Concrete Evidence

By: Rachel Grant

For Dave,

Because you always believed in me.


November 1952

US Army Garrison Fort Belmont, Maryland

HE ARRIVED AT REGINA GUERRERO’S house at the usual time. As he walked up the front path, he waved to her son, Ricky, who played in the yard. The four-year-old grinned, his wide brown eyes the only part of his face not covered in dirt. Gina needed to take better care of that kid.

She met him at the door, then stumbled as she led him into the living room of her cramped army house. Dammit. She was already drunk. He’d wanted to talk to her about their future, but when she was drunk, the sex was quick and she usually passed out afterward.

Moving boxes were stacked against the wall. An agonizing surge of hope brought him to a dead stop. “You changed your mind. You’re leaving Claudio and coming with me when my transfer goes through.”

“You silly boy.” She laughed, a cold, hard sound, and walked into the kitchen, probably to refill the empty glass in her hand.

He followed, his face burning at her insult.

She reached for the bottle of whiskey on the counter and filled her glass. Sipping her drink, she studied him over the rim, then reached for his pants. “We don’t have much time. My sitter for Ricky canceled.” She felt his hard-on and smiled. “Sometimes your age is an advantage.”

He never should have told her he’d lied about his age to get into the army. Now that she knew he was only sixteen, she was always making cracks about his age, no matter what he did to prove he was a man. He pushed her away. “We need to talk.”

“I didn’t invite you here to talk.” She reached for him again.

He closed his eyes as her hand cupped him. They could talk later…

No. Regina would pass out, and he’d end up babysitting Ricky. Again. He opened his eyes and stepped away from her. “Why are you packing?”

“We’re going to live with my parents in Montreal while Claudio is in Korea.”

Her words crushed his ridiculous hope. “But I’m being transferred to San Diego. I want you to come with me.” Wanted. Needed. He was sick with the idea of being forced to live so far away from her.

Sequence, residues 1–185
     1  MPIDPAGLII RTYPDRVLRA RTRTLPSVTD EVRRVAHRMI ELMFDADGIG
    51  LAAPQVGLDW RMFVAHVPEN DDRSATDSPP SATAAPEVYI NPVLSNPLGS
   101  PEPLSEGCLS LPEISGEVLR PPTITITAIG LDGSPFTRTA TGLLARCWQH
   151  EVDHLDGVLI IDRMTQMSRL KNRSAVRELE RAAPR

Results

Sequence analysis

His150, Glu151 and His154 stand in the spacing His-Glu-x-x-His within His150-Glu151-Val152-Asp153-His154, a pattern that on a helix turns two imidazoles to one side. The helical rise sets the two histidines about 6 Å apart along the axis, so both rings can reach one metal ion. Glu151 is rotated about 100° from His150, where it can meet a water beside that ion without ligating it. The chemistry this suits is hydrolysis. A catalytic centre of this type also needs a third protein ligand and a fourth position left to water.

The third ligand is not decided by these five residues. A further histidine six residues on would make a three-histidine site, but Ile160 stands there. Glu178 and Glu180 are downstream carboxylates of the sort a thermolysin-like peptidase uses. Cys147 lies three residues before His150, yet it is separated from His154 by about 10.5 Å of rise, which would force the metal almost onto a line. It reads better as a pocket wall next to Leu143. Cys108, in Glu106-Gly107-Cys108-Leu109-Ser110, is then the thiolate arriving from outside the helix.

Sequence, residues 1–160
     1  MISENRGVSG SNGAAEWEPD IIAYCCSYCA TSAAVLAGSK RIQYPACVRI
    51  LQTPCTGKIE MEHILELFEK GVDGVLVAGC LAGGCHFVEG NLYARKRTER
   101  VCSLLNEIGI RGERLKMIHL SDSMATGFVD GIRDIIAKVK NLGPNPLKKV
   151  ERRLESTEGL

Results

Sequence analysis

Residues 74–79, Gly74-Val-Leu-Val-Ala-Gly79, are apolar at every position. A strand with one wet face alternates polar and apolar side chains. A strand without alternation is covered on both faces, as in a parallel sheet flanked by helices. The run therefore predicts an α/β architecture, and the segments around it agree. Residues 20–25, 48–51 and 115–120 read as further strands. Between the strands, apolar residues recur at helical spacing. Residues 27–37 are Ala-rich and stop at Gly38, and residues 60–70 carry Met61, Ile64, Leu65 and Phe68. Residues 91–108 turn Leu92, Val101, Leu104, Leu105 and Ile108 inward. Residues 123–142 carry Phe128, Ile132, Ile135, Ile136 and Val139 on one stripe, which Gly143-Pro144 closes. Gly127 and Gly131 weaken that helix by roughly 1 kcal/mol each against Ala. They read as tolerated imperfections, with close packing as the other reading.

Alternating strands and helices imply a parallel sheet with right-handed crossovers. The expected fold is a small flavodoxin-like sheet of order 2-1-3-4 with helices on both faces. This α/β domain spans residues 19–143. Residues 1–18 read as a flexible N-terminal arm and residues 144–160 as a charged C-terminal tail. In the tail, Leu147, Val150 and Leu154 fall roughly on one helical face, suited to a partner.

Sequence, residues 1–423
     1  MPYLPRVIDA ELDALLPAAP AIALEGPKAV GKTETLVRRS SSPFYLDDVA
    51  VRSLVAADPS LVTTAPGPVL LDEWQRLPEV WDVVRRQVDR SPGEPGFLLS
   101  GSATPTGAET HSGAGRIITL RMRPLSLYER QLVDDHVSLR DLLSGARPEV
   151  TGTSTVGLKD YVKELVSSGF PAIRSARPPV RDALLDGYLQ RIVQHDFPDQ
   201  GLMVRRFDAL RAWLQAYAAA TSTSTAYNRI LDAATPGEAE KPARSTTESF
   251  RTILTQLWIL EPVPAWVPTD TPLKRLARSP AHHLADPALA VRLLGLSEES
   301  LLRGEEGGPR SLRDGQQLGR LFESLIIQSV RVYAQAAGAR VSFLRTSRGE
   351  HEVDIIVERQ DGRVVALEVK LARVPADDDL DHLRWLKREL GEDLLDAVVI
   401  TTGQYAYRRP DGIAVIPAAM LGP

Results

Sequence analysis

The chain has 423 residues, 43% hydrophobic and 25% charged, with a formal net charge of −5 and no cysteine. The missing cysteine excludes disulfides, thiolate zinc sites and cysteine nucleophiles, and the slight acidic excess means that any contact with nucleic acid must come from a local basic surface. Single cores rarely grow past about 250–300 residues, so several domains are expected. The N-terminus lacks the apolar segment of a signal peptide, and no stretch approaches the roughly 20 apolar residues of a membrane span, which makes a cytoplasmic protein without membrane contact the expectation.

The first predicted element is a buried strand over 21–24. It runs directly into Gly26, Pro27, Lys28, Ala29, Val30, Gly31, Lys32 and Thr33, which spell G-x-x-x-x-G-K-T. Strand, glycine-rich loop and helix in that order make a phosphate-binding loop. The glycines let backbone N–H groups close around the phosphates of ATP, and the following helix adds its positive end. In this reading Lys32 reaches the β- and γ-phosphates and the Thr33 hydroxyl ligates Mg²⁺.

“We’re going to stay with my parents.” She downed her drink in one long swallow.

“Please, Gina. I love you. I can take care of you and Ricky. You can get a divorce, marry me, and we’ll be happy.”

“Claudio will never let me take Ricky away from him. And he won’t let me leave when he needs a mother to raise his son.” Through the kitchen window, her gaze fixed on the boy. “As long as I have Ricky, I’m trapped.” When she faced him again, her eyes were moist with tears. He pulled her into his arms.

Her kisses were as violent as her hands, and he wondered if sex was supposed to be so combative. She perched on the kitchen counter and bit down hard on his ear as she came, while her son played right outside the window.

After she finished, she pushed him away and slipped off the counter. “I need to lie down,” she said and wobbled into the bedroom.

He zipped up his pants and stared though the window. The boy, completely covered in mud, played with the garden hose. He pushed up the pane of glass. “Ricky,” he said. “You need to take a bath. Your mom wants me to take you to the movies.”

Thirty minutes later, Ricky was clean, dressed, and on his way out to the truck while he looked in on Regina. She was sound asleep, her mouth wide open. He wrote a note saying they’d gone to see Cinderella.

“Cine?” Ricky said, after they’d been driving for a half hour.

It took him a moment to figure out what the boy was asking because he spoke Spanish and French better than English. “Instead of the movies, we’re going someplace very special.” He hoped the boy understood him, but it didn’t matter.

They drove for another hour before he turned at the weathered sign that marked the driveway for the Carleton School for Indian Boys. He headed down the long drive and parked in front of the old building. The Pennsylvania boarding school was a dumping ground for Indian orphans and the perfect place for Ricky Guerrero. This way Gina could leave Claudio without fear, and they would no longer be stuck with a kid she didn’t want.